DRMacIver's Notebook

Your emotions are valid but probably wrong

Your emotions are valid but probably wrong

This is a follow on from Emotional reactions as legacy code.

Premises:

  1. All emotional reactions serve a purpose. They are designed to get you into a particular mode of thinking and acting in response to some stimulus that makes that seem like a good idea.
  2. Learned emotional reactions do not go away on their own, and most people do not have the skillset for making them go away.
  3. Ignoring or arguing with your emotions as "bad" will typically not help and may intensify them, because they will still feel relevant and will respond to the fact that you're ignoring them when they're needed by rising to a level which you can't ignore. (Going very dissociative seems partially protective against this but has its own set of problems, guess how I know).

As a result, we can conclude:

  1. Your emotions are valid, in the sense that invalidating them is the worst thing you can do if you want to respond to situations more healthily.
  2. Your emotions are usually wrong.

The reason for this is simple: Childhood is very different from adulthood, and you learned many of your emotional reactions in childhood. Those early learned emotional reactions will have had a long time to bed in - either you've been embracing them, and learned that that works, or you've tried to ignore them, and they've intensified to stop you from doing that.

Those emotional reactions you're having from childhood? They were adaptive when you learned them. They weren't necessarily good ideas when you learned them (e.g. you might have learned that getting angry and screaming would get you attention. It probably wasn't ever a good way to get attention), but they filled a functional role.

The problem is that your adult environment is very different from your childhood one:

  1. You are surrounded by different (and often much better) people than you were in childhood.
  2. You have significantly more agency and power than you did in childhood.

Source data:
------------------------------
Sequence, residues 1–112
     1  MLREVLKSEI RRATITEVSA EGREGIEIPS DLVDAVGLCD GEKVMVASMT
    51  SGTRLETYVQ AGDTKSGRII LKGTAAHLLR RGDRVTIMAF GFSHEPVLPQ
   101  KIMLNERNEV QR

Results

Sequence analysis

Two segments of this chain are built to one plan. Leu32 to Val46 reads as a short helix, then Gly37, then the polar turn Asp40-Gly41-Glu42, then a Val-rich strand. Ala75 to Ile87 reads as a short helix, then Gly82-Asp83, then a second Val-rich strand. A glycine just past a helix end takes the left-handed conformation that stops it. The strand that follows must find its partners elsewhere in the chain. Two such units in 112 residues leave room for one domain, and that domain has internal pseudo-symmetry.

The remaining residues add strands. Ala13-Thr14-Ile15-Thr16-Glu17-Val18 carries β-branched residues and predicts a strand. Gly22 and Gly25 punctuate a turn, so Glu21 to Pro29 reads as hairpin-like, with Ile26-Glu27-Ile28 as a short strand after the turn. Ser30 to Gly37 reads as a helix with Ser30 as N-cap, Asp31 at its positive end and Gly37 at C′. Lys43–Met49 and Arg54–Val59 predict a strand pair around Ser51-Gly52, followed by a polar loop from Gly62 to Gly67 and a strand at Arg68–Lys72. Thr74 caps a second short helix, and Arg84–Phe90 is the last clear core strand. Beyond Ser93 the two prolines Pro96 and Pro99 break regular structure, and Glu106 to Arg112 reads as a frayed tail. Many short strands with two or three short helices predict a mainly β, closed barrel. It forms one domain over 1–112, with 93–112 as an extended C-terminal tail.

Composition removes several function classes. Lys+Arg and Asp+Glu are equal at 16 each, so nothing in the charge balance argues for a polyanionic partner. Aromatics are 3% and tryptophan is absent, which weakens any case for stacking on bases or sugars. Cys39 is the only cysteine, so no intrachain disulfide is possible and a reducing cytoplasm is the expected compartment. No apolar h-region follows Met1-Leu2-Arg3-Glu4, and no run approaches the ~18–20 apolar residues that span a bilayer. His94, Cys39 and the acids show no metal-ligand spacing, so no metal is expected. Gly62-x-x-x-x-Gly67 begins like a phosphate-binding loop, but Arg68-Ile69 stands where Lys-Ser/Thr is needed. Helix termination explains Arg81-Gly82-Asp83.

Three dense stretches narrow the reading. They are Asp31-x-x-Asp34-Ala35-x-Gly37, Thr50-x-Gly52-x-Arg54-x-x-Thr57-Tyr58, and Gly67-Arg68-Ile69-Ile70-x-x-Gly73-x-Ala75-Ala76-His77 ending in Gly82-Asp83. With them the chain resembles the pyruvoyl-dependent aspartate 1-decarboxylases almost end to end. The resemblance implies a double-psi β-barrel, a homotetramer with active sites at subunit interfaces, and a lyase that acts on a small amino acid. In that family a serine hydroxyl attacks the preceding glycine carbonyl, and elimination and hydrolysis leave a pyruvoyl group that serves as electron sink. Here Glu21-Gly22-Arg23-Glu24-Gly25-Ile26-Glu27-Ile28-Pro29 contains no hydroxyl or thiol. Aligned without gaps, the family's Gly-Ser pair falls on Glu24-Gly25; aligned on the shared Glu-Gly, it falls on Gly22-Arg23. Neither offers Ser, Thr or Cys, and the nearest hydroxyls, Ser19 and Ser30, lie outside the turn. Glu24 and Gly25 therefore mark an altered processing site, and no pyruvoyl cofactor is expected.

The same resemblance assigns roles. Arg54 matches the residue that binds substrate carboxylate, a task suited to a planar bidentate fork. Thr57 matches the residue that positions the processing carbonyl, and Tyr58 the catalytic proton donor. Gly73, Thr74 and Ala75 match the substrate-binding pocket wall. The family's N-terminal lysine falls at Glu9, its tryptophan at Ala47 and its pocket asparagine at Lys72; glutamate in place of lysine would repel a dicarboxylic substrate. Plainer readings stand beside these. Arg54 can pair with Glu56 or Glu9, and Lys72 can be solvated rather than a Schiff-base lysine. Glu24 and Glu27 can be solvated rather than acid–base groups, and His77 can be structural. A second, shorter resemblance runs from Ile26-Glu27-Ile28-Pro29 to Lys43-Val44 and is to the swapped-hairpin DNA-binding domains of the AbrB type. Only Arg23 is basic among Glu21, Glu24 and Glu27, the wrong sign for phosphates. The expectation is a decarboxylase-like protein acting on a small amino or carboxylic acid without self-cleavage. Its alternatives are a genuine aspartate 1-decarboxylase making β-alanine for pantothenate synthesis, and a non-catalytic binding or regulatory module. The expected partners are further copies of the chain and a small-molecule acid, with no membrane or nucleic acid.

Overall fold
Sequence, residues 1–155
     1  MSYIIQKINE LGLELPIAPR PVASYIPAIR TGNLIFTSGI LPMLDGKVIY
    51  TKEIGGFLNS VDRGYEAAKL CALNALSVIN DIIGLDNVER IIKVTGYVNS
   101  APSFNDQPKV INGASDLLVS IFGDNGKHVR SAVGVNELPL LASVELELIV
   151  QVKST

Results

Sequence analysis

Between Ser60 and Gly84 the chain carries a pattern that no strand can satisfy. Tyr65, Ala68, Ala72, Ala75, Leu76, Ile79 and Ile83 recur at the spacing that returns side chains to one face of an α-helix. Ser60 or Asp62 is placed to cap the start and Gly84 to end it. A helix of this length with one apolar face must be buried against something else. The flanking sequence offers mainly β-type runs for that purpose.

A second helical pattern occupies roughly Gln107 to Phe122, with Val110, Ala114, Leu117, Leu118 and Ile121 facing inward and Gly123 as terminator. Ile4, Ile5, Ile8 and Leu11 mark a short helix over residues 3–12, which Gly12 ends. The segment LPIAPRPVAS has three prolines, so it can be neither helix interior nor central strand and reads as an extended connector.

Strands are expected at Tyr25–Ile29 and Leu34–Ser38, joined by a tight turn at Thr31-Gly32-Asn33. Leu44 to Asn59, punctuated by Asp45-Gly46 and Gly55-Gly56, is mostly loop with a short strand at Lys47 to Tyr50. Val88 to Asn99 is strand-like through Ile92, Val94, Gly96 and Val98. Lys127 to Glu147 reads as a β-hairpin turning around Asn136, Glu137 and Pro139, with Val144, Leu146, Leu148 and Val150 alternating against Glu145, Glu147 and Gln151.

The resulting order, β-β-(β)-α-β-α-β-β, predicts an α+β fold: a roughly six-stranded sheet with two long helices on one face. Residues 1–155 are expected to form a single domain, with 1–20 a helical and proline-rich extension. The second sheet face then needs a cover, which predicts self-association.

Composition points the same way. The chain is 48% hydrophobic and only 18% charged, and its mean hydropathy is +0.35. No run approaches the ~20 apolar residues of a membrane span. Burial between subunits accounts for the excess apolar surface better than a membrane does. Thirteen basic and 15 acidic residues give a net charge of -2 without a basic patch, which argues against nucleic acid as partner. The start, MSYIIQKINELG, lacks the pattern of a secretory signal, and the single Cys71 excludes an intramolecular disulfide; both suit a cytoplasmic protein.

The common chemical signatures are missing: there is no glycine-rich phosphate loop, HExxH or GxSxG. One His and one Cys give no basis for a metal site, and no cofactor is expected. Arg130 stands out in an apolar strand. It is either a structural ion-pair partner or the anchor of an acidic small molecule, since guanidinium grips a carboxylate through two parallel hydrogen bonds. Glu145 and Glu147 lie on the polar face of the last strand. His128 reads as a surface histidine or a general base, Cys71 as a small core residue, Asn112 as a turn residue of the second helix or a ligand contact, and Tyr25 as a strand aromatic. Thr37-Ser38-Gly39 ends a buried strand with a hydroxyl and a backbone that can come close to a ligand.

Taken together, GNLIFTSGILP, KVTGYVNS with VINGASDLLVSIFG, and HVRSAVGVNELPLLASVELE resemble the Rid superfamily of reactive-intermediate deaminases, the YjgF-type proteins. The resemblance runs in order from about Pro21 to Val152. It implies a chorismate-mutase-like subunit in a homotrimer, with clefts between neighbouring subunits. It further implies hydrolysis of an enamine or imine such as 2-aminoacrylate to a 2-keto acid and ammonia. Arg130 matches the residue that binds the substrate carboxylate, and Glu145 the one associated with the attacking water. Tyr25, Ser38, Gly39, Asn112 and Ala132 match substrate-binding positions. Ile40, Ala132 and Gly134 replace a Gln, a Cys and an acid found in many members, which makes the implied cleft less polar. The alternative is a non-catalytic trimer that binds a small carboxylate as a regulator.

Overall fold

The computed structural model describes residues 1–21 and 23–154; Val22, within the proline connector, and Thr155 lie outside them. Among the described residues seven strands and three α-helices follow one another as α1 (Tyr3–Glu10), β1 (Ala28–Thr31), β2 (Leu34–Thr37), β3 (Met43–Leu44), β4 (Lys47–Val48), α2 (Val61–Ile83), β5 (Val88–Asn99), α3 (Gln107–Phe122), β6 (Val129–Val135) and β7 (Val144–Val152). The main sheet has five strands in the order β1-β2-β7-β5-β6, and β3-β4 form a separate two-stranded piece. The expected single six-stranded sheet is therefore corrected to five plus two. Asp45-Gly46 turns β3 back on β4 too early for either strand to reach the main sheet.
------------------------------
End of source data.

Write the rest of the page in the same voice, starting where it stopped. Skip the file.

3. You have significantly more skills and competence than you did in childhood.
  4. In most circumstances where things are bad you can leave (this isn't always true, but it's true more often than people treat it as being).

This environment is so different from most people's experiences of childhood that it's incredibly unlikely that the strategies that were adaptive as a kid are still adaptive as an adult, but unless you relearn the emotional reactions you've inherited from your child self, you will behave in very maladaptive ways.

For a personal example, for me school was a living hell. I was the weird kid, I found everyone else completely unrelatable, I had no communication or emotional skills. It was awful and I was stuck there and there was nothing I could do about that because every attempt to improve my situation made it worse, so I was utterly powerless. I really cannot recommend anything about the experience.

In contrast, as an adult, I have wonderful friends who I find extremely relatable. I'm still weird, but in ways that are very compatible with those around me. I have a fair bit of social status (again, in my wonderfully weird niche communities), I'm almost certainly in the top 10% of the population as far as emotional and communication skills go (in some respects I'm much higher, in some respects I've still got a lot of learning to do, so this is a complicated claim to make, but I think top 10% is true by any reasonable metric), and if someone or something is causing me trouble I can usually exit the situation, or modify it to work better for me.

The result is a degree of agency that I am totally emotionally unprepared for by my childhood experiences, and I constantly have to retrain my emotional reactions to remind myself of that. Fortunately this is invigorating rather than exhausting.